In early 2000s, I told my husband that ramen would be the next big thing, and that I should start a ramen shop. Now with the abundance of successful ramen shops all around me, I just mope over what could have been.
My husband loves ramen so when we get a chance to go to San Francisco, we head to the Westfield mall food court and have lunch at Ajisen Ramen. Their spicy miso ramen is one of my favorites. Whenever I have their ramen, I try really hard to perfect the ramen and broth ratio for each bite so that no liquid-gold-miso-broth would ever be left behind.
Unfortunately, San Francisco is quite a ways out. If we don't head to San Francisco, we get no ramen and that doesn't sit well with me. I figured it was about time to make my own ramen. I googled a bunch of recipes beforehand, took a few notes from different recipes and combined them into a recipe that I thought would be good. Since it was my very first attempt at anything, I was certain that my family would run for the door. Surprisingly, that wasn't the case. The miso broth came out perfectly and the bowl of ramen with all the fixings looked absolutely grogeous! For my very first time, I had to high-five myself.
What made the broth so good was 1, the fat from the pork stock and 2, the butter! Yes, there was butter in this ramen dish. I have never added butter to a noodle or ramen dish before. But that layer of pork fat and butter (I can never go Vegan!) worked so well together with the miso flavor.
The broth for my miso ramen was made of pork neck bones. I see that other people use ground pork but I really love having a piece of pork neck bone in my bowl of ramen. The meat is moist and flavorful from soaking up the spices and seasoning in the broth.
The pork stock was slowly simmered with garlic, ginger, scallions, Shitake mushrooms, and seasoned with sake (or cooking wine), spicy fermented bean paste, miso paste, soy sauce, sugar, and chicken stock powder. Yes, I know, chicken stock powder is cheating but it's makes the pork stock so much better and full of umami flavor so sue me.
For the topping, I added a soft boiled egg, sweet corn sauteed with a generous amount butter (flavor!), sliced barbecue pork, sliced shitake mushroom (from the stock), a piece of pork neck bone (also from the stock), and and a sprinkle of black pepper.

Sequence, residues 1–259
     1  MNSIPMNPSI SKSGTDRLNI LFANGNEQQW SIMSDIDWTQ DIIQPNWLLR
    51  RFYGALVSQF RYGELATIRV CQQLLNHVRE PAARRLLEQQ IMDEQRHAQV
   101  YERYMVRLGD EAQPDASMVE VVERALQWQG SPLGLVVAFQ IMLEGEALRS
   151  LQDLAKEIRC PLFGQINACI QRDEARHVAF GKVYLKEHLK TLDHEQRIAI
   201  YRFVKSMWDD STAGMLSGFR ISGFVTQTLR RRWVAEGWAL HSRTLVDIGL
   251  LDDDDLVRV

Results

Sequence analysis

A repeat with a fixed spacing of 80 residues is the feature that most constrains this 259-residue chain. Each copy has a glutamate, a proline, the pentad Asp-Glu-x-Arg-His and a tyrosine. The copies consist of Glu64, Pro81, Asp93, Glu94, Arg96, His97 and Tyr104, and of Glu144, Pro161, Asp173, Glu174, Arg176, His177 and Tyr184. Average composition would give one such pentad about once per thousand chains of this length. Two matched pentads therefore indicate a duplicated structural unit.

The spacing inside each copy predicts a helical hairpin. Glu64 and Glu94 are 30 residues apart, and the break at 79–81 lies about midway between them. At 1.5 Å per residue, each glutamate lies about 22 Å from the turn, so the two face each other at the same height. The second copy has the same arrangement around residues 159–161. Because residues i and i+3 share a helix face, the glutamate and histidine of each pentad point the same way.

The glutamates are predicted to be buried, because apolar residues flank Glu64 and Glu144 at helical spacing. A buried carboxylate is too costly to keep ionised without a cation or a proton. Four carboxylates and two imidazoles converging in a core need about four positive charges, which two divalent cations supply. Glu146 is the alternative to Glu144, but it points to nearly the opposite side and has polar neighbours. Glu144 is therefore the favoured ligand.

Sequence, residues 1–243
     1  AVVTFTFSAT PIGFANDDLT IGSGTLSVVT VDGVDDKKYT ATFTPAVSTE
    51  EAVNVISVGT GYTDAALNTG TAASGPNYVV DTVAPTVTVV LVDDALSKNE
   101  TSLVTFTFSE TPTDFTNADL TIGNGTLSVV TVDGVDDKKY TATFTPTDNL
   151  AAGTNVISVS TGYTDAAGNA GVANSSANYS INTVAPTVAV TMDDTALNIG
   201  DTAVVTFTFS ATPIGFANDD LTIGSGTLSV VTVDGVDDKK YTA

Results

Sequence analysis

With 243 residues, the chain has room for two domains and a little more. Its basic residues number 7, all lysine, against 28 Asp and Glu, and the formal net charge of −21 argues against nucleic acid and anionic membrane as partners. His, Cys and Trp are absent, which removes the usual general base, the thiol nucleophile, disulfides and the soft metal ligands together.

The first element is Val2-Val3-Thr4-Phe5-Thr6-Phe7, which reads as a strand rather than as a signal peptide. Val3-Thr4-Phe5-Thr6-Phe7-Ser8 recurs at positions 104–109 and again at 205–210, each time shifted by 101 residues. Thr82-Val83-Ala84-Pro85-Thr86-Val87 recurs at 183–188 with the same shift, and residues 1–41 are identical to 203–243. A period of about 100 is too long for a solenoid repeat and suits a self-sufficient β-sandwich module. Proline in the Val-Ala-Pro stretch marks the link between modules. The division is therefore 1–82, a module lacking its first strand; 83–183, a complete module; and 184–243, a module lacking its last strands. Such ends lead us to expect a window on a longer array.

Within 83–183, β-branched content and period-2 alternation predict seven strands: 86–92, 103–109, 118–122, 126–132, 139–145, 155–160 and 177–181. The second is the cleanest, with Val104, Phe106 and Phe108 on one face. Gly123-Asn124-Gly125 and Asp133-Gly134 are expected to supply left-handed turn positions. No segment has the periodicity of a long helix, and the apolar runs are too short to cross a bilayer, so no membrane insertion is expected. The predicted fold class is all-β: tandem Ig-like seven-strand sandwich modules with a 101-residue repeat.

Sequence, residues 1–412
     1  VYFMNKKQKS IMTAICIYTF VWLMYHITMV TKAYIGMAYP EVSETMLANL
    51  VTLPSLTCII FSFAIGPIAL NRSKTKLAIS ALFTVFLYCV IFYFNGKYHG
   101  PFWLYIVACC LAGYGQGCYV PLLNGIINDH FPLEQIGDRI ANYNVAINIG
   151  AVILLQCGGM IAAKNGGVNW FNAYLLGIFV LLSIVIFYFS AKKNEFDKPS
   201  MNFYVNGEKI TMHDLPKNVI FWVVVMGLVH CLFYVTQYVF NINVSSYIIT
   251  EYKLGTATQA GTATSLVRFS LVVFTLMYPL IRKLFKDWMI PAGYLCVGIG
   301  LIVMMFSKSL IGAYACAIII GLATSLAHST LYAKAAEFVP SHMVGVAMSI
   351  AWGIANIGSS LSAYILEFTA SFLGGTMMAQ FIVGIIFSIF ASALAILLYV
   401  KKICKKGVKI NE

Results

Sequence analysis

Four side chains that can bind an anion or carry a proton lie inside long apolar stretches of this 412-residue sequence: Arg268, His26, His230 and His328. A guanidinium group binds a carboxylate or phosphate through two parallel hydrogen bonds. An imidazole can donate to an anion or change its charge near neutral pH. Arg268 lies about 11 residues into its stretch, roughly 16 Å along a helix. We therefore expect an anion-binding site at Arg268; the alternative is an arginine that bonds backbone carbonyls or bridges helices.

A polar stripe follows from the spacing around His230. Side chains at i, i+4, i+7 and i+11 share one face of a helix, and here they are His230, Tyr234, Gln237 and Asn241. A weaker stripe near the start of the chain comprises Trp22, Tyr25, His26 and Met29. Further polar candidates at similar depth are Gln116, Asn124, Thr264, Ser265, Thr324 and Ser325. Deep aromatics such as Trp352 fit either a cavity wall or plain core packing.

For the noodles, I simply used store-bought fresh Japanese ramen. Ain't nobody got time for that!
Japanese Miso Ramen Recipe
- 1 package fresh Japanese ramen noodles (2 lbs)
- 3 lbs pork neck bones plus 1 tablespoon salt for cleaning
- 4 liters water for stock
- 2 tablespoons sesame oil
- 1 tablespoon minced garlic
- 1 tablespoon minced ginger
- 2 tablespoons minced shallots
- 6 whole scallions
- 10 large whole Shitake mushrooms (about 0.5 lbs)
- 2 tablespoons granulated white sugar
- 1 tablespoon sake or Shaoxing cooking wine
- 1/2 cup miso paste
- 1 tablespoon chili bean sauce (Toban Djan)
- 3 tablespoons soy sauce
- 3 tablespoons pork or chicken stock powder
- 6 soft boiled eggs
- Small sheets of roasted seaweed (nori)
- 3 green onions (slice thinly)
- Shitake mushrooms from stock (slice thinly)
- White or black pepper
- BBQ pork (Xa Xiu)
- 1 15-oz can whole corn kernels (sauteed or microwaved with 2 tablespoons unsalted butter)
- Roasted nori (seaweed)
- Clean the pork bones thoroughly before cooking: In a large stock pot, add pork bones and 1 tablespoon salt. Fill it up with water and heat on high. Wait for the water to come to a rolling boil then cook for about 5 minutes. Place a colander in the sink and drain the bones into the colander. Rinse the bones clean with cold water.
- Clean the stock pot and return to stove. Add sesame oil and heat on medium high heat. Then add minced garlic, ginger and shallots. Saute until fragrant (about 1 minute).
- To the pot, add cleaned pork bones, water (4 liters), scallions, and Shitake mushrooms. Simmer on medium low heat for about one and a half hours.
- Remove all solids from stock (bones, shitake mushrooms, scallions, etc). Don't waste the bones or shitake mushrooms! Reserve them for ramen toppings.
- Season stock with sugar, sake/cooking wine, miso paste, chili bean sauce, soy sauce and pork/chicken stock powder.
- Prepare the noodles per package instructions.
- When ready to serve, add noodles to bowl, add soup, and toppings.